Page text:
THE RUDDOCK CREEK ZN-PB DEPOSIT: CONSTRAINING THE TIMING OF DEPOSITION OF THE METALLIFEROUS WINDERMERE SUPERGROUP, NORTHERN MONASHEE MOUNTAINS, SOUTHERN BRITISH COLUMBIA
Detailed structural mapping was conducted to test the hypothesis that the deposit is within an overturned fold and dismembered pieces of the deposit occur in the attenuated limbs. Constraint on the maximum age of deposition of the mineralized horizon was determined from U-Pb dates of detrital zircon in adjacent metasediments. Four samples yielded reliably young dates of 650 Ma and other samples show typical Laurentian signatures with dates between 1 and 3 Ga. These data are consistent with the host lithologies of the deposit being part of the Windermere Supergrou and were derived mostly from Laurentian basement. Four massive sulphide samples were analyzed for their common lead isotopic signatures. Preliminary data from igneous zircon in granites suggest crystallization at 63 and 104 Ma and an age of metamorphism of 116 Ma.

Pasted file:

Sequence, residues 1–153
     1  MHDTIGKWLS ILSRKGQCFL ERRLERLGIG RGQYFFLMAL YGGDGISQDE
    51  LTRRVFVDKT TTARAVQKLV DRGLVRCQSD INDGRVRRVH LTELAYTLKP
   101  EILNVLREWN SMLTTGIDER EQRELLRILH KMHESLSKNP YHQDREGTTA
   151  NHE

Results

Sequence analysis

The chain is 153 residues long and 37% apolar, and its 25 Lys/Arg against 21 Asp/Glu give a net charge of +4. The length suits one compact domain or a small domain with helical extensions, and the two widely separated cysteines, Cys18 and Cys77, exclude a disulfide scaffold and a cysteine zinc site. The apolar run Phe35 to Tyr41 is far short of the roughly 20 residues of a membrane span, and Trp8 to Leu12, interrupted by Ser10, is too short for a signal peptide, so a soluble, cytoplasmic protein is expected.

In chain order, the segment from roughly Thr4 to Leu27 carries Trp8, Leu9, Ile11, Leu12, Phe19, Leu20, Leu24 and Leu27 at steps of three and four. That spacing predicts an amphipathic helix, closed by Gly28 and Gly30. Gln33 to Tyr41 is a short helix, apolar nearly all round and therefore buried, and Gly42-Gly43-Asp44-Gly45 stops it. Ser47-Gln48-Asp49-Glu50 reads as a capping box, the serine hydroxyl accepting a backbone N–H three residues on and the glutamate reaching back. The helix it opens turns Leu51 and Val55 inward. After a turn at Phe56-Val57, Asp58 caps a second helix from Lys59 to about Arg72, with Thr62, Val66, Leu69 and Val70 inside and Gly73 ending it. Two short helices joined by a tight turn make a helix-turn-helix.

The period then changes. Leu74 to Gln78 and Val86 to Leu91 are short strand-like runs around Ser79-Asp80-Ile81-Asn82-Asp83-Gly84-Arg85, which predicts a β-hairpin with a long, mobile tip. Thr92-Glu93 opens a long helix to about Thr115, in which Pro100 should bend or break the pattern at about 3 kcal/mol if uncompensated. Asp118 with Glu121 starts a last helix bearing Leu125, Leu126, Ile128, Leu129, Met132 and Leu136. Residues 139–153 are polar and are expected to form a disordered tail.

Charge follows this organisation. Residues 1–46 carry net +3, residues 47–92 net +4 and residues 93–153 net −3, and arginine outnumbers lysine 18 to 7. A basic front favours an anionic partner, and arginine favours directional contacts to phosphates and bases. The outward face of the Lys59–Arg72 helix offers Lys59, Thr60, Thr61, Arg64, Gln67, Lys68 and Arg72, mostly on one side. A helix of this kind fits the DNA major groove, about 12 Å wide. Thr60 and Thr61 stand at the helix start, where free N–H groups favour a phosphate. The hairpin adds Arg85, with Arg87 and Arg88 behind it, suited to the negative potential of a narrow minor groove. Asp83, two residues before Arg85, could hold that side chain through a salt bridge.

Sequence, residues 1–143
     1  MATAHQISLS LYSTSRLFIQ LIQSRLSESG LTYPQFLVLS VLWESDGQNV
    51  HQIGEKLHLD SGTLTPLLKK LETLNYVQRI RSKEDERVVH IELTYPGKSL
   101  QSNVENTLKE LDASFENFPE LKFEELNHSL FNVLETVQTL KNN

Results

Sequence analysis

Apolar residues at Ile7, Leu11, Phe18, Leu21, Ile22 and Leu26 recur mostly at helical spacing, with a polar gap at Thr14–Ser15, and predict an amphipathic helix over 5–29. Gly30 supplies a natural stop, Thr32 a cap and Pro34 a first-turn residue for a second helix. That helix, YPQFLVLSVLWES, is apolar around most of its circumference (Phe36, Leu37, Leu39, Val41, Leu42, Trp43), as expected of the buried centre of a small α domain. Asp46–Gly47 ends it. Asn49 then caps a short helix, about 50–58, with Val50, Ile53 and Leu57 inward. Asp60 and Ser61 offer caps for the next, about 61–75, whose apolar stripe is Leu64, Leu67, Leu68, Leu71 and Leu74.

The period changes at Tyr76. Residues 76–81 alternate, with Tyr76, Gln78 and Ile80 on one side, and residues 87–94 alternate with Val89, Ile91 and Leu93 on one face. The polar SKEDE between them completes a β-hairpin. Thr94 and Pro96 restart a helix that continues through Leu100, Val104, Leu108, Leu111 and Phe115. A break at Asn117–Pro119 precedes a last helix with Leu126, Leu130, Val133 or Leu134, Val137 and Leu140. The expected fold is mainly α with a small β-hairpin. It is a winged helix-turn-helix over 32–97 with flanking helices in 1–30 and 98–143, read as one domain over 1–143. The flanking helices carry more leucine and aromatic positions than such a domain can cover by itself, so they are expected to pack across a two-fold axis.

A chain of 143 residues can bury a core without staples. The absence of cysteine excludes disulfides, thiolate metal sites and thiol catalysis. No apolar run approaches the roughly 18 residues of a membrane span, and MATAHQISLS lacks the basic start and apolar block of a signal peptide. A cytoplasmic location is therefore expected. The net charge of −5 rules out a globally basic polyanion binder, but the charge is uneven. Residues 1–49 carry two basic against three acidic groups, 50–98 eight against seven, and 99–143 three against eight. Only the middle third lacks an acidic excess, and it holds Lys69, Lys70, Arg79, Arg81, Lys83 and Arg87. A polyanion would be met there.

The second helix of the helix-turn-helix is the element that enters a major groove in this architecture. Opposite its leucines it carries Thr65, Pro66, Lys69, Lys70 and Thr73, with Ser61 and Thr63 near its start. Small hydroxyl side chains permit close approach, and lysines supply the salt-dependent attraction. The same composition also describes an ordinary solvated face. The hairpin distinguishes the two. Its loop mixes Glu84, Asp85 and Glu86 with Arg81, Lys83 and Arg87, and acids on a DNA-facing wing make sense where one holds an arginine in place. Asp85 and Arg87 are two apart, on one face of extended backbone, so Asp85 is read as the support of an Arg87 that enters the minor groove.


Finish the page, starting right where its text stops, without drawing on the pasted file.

The southern Canadian Cordillera hosts a number of stratabound Zn-Pb deposits that may be related to the Ruddock Creek deposit, such as Big Ledge, Wigwam, Jordan River, and the Cottonbelt. Ages of these deposits are poorly constrained. Determining the age of the host stratigraphy at Ruddock Creek will be the first step toward resolving if these deposits are related and help place them in the context of other deposits along the Cordillera. A major break in the lithostratigraphic ages between the underlying Monashee complex and the Ruddock Creek area would corroborate the interpretation that the two are separated by a major crustal shear zone, the Monashee décollement, which has been recently brought into question to the south.